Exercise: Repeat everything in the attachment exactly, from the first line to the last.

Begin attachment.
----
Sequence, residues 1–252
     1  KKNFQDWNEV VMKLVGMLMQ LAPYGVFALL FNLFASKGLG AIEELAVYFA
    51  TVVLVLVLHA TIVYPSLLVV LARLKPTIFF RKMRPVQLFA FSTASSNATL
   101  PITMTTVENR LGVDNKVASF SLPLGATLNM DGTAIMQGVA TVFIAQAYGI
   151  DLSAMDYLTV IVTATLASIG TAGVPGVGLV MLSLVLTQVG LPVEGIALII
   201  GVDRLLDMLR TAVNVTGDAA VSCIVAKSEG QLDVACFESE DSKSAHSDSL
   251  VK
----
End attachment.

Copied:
Sequence, residues 1–252
     1  KKNFQDWNEV VMKLVGMLMQ LAPYGVFALL FNLFASKGLG AIEELAVYFA
    51  TVVLVLVLHA TIVYPSLLVV LARLKPTIFF RKMRPVQLFA FSTASSNATL
   101  PITMTTVENR LGVDNKVASF SLPLGATLNM DGTAIMQGVA TVFIAQAYGI
   151  DLSAMDYLTV IVTATLASIG TAGVPGVGLV MLSLVLTQVG LPVEGIALII
   201  GVDRLLDMLR TAVNVTGDAA VSCIVAKSEG QLDVACFESE DSKSAHSDSL
   251  VK